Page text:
That's her doctor. That's the only doctor that actually treated her. The only doctor that treated her for 22 years. The only doctor that saw her. She could quit when she was properly motivated.

Nicotine, whether you call it an addiction or a habit, was not a substantial contributing factor in her disease. Everyone agrees that smoking was the cause of her disease. But she could quit. Nicotine didn't make her smoke so that she got a disease.

Defense counsel likened the situation to a movie about a runaway train, where “you can't steer, you can't brake, that crash is inevitable.” The evidence in this case was that the plaintiff was not “strapped behind the steering wheel of a runaway train. She could control her smoking when she did. She could put the brakes on and slow her smoking down.” Defense counsel concluded that none of the plaintiff's experts told the jury “that her addiction or her habit or her behavior was such that she was prevented from quitting at any time.”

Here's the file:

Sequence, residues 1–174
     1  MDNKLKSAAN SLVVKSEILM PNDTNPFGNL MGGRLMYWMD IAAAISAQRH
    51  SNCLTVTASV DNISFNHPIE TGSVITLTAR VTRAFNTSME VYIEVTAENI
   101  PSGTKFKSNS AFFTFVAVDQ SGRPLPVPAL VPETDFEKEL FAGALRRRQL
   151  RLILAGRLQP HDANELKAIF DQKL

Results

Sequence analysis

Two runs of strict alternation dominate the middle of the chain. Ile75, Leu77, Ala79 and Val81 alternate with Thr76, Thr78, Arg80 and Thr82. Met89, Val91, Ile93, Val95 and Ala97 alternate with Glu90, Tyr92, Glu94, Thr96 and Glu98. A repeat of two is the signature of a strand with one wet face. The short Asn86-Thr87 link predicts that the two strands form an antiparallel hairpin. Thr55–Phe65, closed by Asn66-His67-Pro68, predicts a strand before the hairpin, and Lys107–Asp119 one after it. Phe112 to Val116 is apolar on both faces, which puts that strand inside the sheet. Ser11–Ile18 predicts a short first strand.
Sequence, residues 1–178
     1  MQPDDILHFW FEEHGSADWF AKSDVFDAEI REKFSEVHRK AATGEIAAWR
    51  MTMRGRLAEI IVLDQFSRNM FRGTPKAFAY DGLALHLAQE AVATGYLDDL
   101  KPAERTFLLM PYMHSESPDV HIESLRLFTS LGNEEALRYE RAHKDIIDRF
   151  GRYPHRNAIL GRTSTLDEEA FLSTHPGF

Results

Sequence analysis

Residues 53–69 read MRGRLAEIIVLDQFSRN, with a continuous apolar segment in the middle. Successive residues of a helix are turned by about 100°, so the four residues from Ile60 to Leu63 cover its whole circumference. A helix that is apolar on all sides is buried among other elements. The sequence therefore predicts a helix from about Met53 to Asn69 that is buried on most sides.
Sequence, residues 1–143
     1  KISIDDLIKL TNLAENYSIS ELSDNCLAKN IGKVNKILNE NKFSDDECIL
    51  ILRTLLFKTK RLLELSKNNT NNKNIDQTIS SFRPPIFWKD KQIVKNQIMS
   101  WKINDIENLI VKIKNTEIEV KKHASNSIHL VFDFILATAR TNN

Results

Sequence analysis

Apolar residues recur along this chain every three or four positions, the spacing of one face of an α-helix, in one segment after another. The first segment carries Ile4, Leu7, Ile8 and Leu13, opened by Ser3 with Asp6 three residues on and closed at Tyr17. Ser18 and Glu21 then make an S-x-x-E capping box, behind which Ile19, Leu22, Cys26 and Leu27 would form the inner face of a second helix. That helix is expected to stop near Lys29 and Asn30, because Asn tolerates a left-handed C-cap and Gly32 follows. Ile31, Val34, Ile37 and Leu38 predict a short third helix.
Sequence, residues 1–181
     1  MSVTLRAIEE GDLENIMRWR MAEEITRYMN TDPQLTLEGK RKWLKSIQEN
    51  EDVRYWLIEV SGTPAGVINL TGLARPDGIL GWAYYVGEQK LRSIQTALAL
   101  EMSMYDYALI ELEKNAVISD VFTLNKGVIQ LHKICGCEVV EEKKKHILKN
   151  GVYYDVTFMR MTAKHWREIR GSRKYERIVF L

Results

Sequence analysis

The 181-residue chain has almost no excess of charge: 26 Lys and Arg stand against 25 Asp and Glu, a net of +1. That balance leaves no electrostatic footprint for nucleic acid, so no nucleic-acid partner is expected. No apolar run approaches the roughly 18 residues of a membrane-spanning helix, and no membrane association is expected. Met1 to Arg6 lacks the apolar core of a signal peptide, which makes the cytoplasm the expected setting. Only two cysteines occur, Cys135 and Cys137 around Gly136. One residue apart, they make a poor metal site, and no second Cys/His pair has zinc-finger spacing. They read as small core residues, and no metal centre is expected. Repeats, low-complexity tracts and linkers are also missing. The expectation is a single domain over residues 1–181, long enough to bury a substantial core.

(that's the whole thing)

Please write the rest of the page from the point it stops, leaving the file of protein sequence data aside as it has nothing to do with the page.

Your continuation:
A smoker's motivation and ability to quit smoking is deeply intertwined with the smoker's addiction to nicotine; they are two sides of the same coin. This interlocking relationship was recognized by a federal court which found an expert's testimony regarding the smoker's differing levels of motivation to quit was “entirely consistent with the [National Institute on Drug Abuse] definition of ‘addiction,’ which accounts for the lack of motivation that smokers have to quit smoking and for their liking to smoke, even if they were aware of the dangers of doing so.” Starbuck v. R.J. Reynolds Tobacco Co., 102 F. Supp. 3d 1281, 1306 (M.D. Fla. 2015). The federal court rejected the defendants' attempt to generate a factual dispute regarding the definition of addiction, in part based on this testimony about motivation to quit. Id.; see also Frankson v. Philip Morris Inc., 4 Misc. 3d 1002(A), *1 n.4 (N.Y. Sup. Ct. 2004) (where expert was permitted to testify “that the decedent had the ability to quit smoking, notwithstanding his addiction, but was simply not highly motivated enough to do so”).